• High Contribution Limits: You can put a lot of money into these plans – much more than retirement accounts allow. This helps when education costs are high.
  • Simplified Tax Reporting: Until you withdraw funds, you don’t have to report contributions or earnings on your tax returns.
  • Estate Planning Benefits: Amounts put into a 529 plan are no longer part of your taxable estate, reducing your estate tax liability. You can even front-load five years’ worth of gifts in one year tax-free. A grandparent’s favorite!
  • Minimal Impact on Financial Aid: For financial aid purposes, these plans are considered the parent’s asset (if the parent is the account owner), so they have a smaller effect on the student’s financial aid eligibility.
  • Anyone Can Contribute: Grandparents, other relatives, or friends can all put money into the beneficiary’s 529 plan, making it a group effort.
  • No Income Restrictions: Anyone can open a 529 plan; there are no income limits restricting who can contribute.
  • Changeable Beneficiary: If your child decides not to go to college or doesn’t need all the money, you can change the beneficiary to another family member.


  • Limited Use of Funds: The biggest drawback is that you must use the money for qualified education expenses. Non-qualified withdrawals could result in income tax on the earnings and a 10% federal tax penalty.
  • Investment Options: Your investment options are limited to those offered by the plan. If you’re not satisfied with the performance, you can only change investment options twice per calendar year or if you change the beneficiary.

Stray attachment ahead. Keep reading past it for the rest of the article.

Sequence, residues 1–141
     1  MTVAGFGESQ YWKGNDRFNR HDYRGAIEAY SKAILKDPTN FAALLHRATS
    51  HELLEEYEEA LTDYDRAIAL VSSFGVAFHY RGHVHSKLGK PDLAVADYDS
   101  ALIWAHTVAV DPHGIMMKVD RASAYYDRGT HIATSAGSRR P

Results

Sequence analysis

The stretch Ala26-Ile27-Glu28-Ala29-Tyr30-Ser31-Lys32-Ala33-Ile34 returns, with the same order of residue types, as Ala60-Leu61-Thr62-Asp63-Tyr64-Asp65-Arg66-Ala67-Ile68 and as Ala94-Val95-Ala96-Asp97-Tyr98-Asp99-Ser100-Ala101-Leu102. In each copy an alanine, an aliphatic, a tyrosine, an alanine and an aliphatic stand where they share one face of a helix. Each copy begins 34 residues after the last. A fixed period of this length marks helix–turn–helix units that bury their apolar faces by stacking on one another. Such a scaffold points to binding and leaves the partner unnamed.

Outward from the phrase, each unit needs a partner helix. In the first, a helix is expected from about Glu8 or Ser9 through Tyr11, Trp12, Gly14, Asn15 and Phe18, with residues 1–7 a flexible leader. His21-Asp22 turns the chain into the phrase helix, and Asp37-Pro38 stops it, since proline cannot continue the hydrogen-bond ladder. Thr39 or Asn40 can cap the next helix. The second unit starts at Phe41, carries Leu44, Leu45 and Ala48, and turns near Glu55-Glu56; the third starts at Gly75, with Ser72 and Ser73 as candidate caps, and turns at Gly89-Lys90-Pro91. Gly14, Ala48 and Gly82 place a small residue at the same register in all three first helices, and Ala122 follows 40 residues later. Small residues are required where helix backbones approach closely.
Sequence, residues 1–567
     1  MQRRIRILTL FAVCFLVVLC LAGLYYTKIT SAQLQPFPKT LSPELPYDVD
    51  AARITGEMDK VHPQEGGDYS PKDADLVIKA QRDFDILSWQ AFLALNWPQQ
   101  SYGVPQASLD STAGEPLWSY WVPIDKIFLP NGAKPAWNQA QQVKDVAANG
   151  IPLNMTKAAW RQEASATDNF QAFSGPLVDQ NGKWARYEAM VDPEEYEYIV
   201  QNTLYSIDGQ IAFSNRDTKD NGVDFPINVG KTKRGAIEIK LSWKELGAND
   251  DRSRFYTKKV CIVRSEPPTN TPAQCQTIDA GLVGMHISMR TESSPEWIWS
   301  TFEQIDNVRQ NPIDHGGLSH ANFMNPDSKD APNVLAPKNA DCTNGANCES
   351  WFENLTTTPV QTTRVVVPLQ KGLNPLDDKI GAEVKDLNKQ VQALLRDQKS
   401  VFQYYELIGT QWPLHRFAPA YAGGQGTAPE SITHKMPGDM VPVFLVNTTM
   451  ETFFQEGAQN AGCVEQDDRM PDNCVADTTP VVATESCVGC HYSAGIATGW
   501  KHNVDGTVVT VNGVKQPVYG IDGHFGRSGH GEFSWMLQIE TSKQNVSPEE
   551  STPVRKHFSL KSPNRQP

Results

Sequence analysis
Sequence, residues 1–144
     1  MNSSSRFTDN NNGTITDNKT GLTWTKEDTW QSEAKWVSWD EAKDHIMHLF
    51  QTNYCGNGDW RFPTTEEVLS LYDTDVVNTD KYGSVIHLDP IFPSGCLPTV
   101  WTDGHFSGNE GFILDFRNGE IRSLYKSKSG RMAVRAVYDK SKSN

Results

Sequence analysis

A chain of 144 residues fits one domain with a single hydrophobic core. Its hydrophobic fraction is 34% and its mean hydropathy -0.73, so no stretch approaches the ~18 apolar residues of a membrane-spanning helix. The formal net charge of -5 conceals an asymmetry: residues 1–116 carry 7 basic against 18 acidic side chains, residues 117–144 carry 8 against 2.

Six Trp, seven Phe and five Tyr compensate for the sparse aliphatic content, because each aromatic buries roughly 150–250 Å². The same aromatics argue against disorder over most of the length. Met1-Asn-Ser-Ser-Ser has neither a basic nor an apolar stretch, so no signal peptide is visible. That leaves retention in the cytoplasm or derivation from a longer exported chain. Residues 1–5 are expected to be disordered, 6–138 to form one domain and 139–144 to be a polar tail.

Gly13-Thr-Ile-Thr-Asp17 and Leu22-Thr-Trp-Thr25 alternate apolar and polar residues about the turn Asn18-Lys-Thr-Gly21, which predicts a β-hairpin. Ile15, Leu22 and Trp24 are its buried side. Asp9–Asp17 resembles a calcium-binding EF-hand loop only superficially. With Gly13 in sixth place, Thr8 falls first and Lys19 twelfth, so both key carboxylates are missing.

• State Tax Treatment Varies: While withdrawals for qualified education expenses are exempt from federal tax, state tax treatment can vary, so you’ll need to understand your state’s rules.
  • Fees and Expenses: Some plans have high fees, which can eat into your investment returns. It’s essential to understand the costs associated with your plan.
  • Impact on Financial Aid: Funds in a 529 plan can still affect a student’s eligibility for aid, if it’s in the student’s name, as it can count up to 20% of the student’s assets on the FAFSA.
  • No Guarantee on Returns: As with any investment, your returns aren’t guaranteed. Your account can lose value depending on market conditions.
  • Rollover Restrictions: You can roll over funds to a different 529 plan only once in any 12-month period.
  • Changing Beneficiaries Has Limits: While you can change the beneficiary of the plan, it must be to another qualified relative.
  • Lack of Liquidity: Unlike regular savings accounts, you can’t quickly withdraw money from 529 plans for emergencies without incurring penalties and taxes if the withdrawal is not for qualified educational expenses.